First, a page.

What Treatments Help in Crack Cocaine Rehab
Cocaine addiction is one of the most prevalent addictions in today’s society. According to the National Institute on Drug Abuse nearly 13% of all inpatient drug treatment patients are addicted to some form of cocaine. Crack cocaine rehab accounts for most of these admissions. In this epidemic of addiction, it is important to understand the treatment options available. Not all treatment methods work for all people so a tailored approach works best. By evaluating all of the options, you can make the best choice as to which treatment or combination of treatments will work for you.
Inpatient versus Outpatient
Inpatient treatment is a residential program where the clients live at a treatment facility. This allows them access to 24-hour care and counseling and denies them access to their triggers and the drugs they crave. This allows them to receive intensive treatment when they require it. It also helps some addicts to be around others in their same situation. Seeing others go through it is a therapy in itself.
Out patient is a nonresidential program where the client visits daily, weekly, or monthly to receive treatment from a variety of care practitioners. This allows them to continue their lives, their employment, and their freedom while receiving comprehensive drug treatment.
All of these treatments are available on both an impatient and an outpatient basis. It is up to the individual whether inpatient or outpatient works best for them. Each person with a counselor or doctor should evaluate their needs and decide on either inpatient or outpatient treatment. An addict with a variety of triggers in their living environment will probably prefer inpatient at least at the beginning to avoid relapse. An addict with a job and family may choose outpatient to maintain their life without taking time away from other responsibilities.
Although there are no proven pharmacological methods, several medicines may help. According to the Western Journal of Medicine, dopamine agonists help with the cravings although not as thoroughly as medications work with other addictions. Most treatments consist of identifying and treating symptoms along with underlying disorders. These symptoms are relatively simple to treat with psychoactive medications such as antidepressants, anticonvulsants, and others used to treat Parkinson’s disease. The blood pressure spikes and panic are treated with anti-anxiety medication as well as normal blood pressure medications.
Unfortunately, as with many other conditions and drug addictions, there is no magic pill for crack cocaine addicts. Although effective for the initial detox, there are no long term pharmacological solutions. As with many other disorders crack addiction may be managed with the use of medication but to truly treat it, doctors and clients need to consider other methods combined with medication for successful results.
Many counselors and doctors utilize behavioral therapies to achieve results with crack addicts. These therapies consist of:
- Changing behaviors – By relearning how to function without the drug an addict can avoid relapse. Doctors do this with counseling sessions that identify the behaviors that start or allow the drug use and finding ways to change it.
- Identifying triggers – By identifying the things that trigger drug use such as people, situations, and objects and removing them, the hope is to prevent relapse on a more common base level.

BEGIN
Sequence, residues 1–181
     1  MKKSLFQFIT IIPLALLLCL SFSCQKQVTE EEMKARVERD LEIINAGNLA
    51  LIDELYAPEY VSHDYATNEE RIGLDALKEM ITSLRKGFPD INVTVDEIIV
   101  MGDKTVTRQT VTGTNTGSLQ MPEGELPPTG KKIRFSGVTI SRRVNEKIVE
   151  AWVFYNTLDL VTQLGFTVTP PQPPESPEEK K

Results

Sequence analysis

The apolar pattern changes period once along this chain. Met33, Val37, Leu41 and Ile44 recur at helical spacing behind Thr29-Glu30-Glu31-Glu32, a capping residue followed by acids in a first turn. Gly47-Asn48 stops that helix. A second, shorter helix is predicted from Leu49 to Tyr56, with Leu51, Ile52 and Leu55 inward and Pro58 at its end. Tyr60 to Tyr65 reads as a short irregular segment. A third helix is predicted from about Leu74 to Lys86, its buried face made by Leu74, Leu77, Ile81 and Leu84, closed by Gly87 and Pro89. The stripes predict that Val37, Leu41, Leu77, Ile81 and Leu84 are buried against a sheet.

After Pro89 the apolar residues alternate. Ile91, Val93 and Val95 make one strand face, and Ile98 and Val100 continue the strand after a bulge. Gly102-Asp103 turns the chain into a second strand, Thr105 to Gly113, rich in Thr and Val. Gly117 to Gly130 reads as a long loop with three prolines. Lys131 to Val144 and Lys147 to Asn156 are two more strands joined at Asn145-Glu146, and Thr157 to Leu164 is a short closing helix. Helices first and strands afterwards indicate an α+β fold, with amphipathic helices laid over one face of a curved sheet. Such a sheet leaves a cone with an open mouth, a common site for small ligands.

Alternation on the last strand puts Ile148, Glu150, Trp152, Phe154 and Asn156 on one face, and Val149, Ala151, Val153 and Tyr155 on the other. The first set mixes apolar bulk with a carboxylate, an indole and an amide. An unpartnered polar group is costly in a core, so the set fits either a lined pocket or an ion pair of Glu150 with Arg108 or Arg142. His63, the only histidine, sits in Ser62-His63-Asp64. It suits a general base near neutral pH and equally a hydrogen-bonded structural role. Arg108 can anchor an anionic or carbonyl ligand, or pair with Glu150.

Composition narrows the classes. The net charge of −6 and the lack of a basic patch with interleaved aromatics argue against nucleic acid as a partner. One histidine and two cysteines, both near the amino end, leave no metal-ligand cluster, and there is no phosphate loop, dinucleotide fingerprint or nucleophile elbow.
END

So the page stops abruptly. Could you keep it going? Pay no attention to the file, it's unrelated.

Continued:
- Breaking ties – although some people may be triggers, there are some that encourage drug use. Counselors help clients learn to move the people who encourage drug use, out of their lives in a constructive manner.
Another therapy approach is Cognitive Behavioral Therapy. In Cognitive Behavioral Therapy, a counselor works on teaching the addict how to avoid drug use. The idea is to identify the learning processes that started the drug abuse and using those to stop it. This requires intensive therapy and repeated counseling sessions.
Behavioral therapies when combined with other methods, have the highest success rate among crack addicts. It is important to understand that each person is different and finding an approach that works takes time.
One school of thought says motivating an individual through a system of rewards might be helpful in treating addiction. The idea is that the client receives a reward for having a negative drug test or for remaining off crack for a given period. The rewards are sometimes monetary in the form of gift certificates, movie tickets, or coupons. They are also sometimes less tangible such as recognition, privileges, or nonmonetary rewards.
Although this is not a wide spread system, it has been growing in popularity, particularly with younger addicts. It seems a simplistic treatment but some doctors find that it works when combined with other methods of treatment.
Never underestimate the power of peer support when it comes to changing behaviors such as addiction. The community approach is a long-standing one. The success of numerous 12-step programs attests to the power of community. Most 12-step programs start with the belief that the addict needs to surrender to a higher power and then continues along this line with a goal of complete abstinence and repentance. In this type of treatment, the community supports the addict and the addict becomes part of the community. They rely on each other to provide the strength to kick the crack addiction.
None of these approaches work with all addicts. Most often, the combined therapies help an addict detox and stay away from the addicting substance. Doctors combine these treatments in a variety of ways to suit each individuals needs. Community therapy, motivational rewards, behavioral therapy, and medication all come together to help the addict recover.